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Spare a thought for the spindly trees dotting our urban streets

Facts & Arguments

Out on a limb

Spare a thought for the spindly, city trees, Helen Godfrey writes. They need us

Facts & Arguments is a daily personal piece submitted by readers. Have a story to tell? See our guidelines at

Trees get respect at certain times of the year: with the first green of spring, as summer shade, then through the blaze of fall and dressed in winter white. Right now, they are finished their starring holiday roles in our homes and are treated a little less grandly. Evergreens of all sizes, stripped of their festive trimmings, are dragged curbside for pickup.

But as I sweep up the inevitable trail of dry needles, I think of a different variety altogether: our neighbourhood street trees, the waifs, the Tiny Tims of the tree world.

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I am part of a small army of neighbourhood women who tend to the local trees dotting both sides of our main commercial strip. Our street trees are maples, Japanese silk lilacs, honey locusts, ginkgos – some 65 in total.

Some are planted directly into the ground and others are confined to the ineffective cement planter boxes known as tree coffins.

These trees put up with freezing cold and baking heat, drought, road salt, dog blessings, cigarette butts and garbage. Street trees fight to survive if not exactly thrive.

I care for them, but I wasn't always a tree lover. Growing up in Britain, trees were literally on the margins of life. They grew at the borders of country fields and as hedgerows along the lanes.

As children, we climbed them, foraged under them for chestnuts and acorns or checked them out for bird's nests. Trees in my adopted home of Canada were a whole different matter. Driving "up north" in Ontario for the first time was a revelation. It was mind-boggling to see the density and the numbers of trees.

Back home in Toronto, I gradually took up gardening and came to tend a few trees and bushes of my own. Inevitably, gardening teaches you to see the connection between living things.

You think about the larger environment and how one thing affects another. I grew interested in the global environment, read up and donated to causes. But I realized that it was locally where I might make a real difference. So, a few years ago, I turned my attention to the tough little urban trees drying out in front of neighbourhood stores.

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At first, I travelled solo – badgering the owners of restaurants and shops to spare a bucket or two of water for the trees rapidly turning brown in the summer heat out front.

I sought out support from the non-profit LEAF (Local Enhancement and Appreciation of Forests), and got the backing of my city councillor.

Like the street trees, I wonder if our work is seen as part of the local landscape – someone else’s concern.

It lent legitimacy to the cause: I was a tree enthusiast rather than a local weirdo. I named the initiative Bayview Buckets – a tad more catchy than Bayview Watering Cans.

The past year has seen progress. The neighbourhood has a new BIA (business improvement area) and now I am but part of a group of volunteers with a goal.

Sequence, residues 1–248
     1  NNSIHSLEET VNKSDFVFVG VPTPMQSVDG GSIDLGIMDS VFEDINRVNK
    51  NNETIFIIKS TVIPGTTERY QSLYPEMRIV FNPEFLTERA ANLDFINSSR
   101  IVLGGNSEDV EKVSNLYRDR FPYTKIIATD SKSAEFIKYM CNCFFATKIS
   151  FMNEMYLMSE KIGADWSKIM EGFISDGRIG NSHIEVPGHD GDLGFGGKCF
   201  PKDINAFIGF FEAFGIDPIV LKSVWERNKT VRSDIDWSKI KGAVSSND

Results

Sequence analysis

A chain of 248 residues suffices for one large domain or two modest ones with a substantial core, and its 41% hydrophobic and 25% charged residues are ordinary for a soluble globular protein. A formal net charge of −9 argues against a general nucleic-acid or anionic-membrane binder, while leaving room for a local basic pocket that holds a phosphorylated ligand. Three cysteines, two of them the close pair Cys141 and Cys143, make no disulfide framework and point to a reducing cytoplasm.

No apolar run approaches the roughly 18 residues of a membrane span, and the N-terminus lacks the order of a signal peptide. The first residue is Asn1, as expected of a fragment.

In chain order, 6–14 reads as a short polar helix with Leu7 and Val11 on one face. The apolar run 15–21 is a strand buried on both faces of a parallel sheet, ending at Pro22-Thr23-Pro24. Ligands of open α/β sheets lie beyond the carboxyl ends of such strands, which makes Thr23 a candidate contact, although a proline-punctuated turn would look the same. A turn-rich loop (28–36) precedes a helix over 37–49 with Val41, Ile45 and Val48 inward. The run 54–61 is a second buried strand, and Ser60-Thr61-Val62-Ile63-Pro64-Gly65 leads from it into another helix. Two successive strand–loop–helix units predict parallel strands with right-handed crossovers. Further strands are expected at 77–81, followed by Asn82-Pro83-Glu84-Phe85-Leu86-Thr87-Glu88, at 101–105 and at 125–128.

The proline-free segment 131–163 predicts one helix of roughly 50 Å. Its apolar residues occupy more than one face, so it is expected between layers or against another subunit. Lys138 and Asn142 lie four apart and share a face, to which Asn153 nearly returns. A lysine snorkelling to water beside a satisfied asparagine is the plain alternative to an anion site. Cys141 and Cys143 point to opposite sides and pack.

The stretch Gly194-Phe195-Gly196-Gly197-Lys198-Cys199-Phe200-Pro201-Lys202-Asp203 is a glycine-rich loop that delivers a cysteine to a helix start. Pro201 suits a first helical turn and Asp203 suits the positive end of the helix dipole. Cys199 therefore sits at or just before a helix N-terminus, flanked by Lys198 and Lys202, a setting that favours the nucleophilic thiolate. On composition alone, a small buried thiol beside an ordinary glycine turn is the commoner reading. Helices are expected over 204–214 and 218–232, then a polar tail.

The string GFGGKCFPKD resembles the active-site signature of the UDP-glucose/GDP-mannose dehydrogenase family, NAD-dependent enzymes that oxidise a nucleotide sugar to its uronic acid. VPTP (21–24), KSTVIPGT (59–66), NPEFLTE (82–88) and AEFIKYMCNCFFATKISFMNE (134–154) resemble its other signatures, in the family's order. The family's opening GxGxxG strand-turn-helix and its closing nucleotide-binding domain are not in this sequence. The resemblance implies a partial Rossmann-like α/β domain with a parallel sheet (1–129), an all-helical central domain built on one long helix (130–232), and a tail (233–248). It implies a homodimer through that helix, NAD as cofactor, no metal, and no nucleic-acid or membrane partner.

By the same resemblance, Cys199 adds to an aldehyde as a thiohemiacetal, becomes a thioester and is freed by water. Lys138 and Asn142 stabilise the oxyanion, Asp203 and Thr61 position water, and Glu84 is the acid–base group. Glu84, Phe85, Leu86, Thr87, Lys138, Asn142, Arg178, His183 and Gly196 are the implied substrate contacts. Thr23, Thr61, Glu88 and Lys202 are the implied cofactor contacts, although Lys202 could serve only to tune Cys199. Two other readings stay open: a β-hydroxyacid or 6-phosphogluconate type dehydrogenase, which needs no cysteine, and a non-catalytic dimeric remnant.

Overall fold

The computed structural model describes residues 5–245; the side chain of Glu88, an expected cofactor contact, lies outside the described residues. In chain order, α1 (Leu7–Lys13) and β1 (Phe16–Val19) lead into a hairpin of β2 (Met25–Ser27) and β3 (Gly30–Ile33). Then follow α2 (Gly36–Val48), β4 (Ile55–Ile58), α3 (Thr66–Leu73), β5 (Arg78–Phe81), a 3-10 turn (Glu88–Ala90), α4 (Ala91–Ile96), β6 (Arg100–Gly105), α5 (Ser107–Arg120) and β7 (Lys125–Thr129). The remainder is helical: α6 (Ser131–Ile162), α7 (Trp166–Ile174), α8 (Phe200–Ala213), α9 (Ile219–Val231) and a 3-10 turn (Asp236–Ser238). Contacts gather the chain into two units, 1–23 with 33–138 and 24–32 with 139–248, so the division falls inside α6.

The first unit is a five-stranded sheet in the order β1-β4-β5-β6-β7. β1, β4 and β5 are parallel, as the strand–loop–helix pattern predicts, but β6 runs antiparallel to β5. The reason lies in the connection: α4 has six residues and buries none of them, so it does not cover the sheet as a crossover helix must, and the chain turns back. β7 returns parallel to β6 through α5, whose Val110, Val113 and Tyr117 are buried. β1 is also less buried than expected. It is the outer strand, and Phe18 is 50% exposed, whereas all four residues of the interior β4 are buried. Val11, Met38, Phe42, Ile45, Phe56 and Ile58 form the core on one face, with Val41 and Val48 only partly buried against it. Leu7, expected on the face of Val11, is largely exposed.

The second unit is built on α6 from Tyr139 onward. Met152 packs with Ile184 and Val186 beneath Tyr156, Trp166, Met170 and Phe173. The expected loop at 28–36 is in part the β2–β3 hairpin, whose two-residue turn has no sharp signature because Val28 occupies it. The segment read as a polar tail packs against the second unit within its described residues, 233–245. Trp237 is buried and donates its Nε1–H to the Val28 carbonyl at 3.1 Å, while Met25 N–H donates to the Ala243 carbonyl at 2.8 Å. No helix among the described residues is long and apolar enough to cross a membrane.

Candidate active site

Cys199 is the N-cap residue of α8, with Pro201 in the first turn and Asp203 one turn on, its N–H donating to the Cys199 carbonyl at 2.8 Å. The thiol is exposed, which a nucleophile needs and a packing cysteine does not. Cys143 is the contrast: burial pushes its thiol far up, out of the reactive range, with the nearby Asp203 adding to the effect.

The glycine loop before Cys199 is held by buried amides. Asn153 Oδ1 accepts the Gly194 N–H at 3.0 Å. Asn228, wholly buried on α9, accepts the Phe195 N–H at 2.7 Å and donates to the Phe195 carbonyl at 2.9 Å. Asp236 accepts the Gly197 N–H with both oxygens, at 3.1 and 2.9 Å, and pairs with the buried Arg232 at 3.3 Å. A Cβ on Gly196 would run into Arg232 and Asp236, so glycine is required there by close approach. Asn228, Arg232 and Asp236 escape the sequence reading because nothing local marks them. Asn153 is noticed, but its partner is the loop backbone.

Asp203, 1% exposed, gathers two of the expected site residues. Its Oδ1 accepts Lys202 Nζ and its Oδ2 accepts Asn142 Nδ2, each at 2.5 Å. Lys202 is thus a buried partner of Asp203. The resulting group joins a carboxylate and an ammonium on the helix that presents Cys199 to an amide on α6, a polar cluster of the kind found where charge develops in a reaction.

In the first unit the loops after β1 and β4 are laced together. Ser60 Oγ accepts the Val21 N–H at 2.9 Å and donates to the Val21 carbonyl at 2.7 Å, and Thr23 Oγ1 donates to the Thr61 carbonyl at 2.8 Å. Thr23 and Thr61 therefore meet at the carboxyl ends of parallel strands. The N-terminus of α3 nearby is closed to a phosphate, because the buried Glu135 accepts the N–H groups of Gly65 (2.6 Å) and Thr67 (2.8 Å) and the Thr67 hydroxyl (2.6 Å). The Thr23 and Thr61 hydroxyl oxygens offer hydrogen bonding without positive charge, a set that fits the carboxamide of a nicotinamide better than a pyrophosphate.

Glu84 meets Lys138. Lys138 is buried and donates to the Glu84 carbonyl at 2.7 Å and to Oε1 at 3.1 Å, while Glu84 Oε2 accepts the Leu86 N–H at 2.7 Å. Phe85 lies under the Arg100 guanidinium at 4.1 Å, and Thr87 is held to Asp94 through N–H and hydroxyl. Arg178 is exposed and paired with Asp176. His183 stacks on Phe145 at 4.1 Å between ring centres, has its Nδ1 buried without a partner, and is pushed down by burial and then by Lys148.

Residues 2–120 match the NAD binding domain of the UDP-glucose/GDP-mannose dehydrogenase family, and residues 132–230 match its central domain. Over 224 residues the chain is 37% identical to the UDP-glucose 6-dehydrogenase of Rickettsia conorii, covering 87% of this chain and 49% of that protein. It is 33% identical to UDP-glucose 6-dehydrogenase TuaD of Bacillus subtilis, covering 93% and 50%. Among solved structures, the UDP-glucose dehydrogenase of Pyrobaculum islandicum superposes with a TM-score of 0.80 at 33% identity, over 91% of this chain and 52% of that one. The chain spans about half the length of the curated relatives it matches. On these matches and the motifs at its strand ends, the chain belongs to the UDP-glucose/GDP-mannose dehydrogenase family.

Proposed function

We plant, water, weed, mulch and generally try to keep our street trees green and clean.

My fellow volunteers are all older women. While you may think that's the typical leisure gardener demographic, we see ourselves as serious workers for a green and healthy community. We have different personalities and our past careers run the gamut, including an urban planner, fashion designer, marketer, restauranteur and teacher. We sweat and freeze according to the season and we get things done.

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A group e-mail sent on a Sunday night brings us together weekly at our outdoor headquarters, behind one of the stores. We load brooms, shovels and gardening tools onto our squeaky-wheeled carts to trundle off down the street. It was a dry summer.

But our leader has sourced water by assiduously saving whatever fell from the sky at HQ, storing it in any container that didn't leak, to be decanted into more manageable bins and buckets and meted it out to the thirsty greenery.

One happy day, we chatted up the drivers of a city water truck working on the street. They filled up our containers with clean water, which felt like a true gift!

Like the street trees, I wonder if our work is seen as part of the local landscape – someone else's concern. That attitude concerns me: As I age, someone else will need to take my place on the team.

I want to say to passersby, "Look around at these trees! They give all of us city dwellers shade and beauty. They absorb carbon dioxide and give off oxygen. They calm us down on these noisy, often frenzied city streets."

Winter is upon us now and work has slowed down. I look out at a Scots pine in my front yard, about seven feet tall now and standing against the wind. I grew it up from a seed that I took from our own family Christmas tree some years ago. Not the most beautiful variety, but this one is lovely and meaningful to us.

Still, my sense of home doesn't end where the public sidewalk begins. This green space, this treed community, it is for us all.

So, in this season of trees, consider giving back and paying forward. If you can't fix the planet, you can at least green your own neighbourhood. Join us.

Helen Godfrey lives in Toronto.

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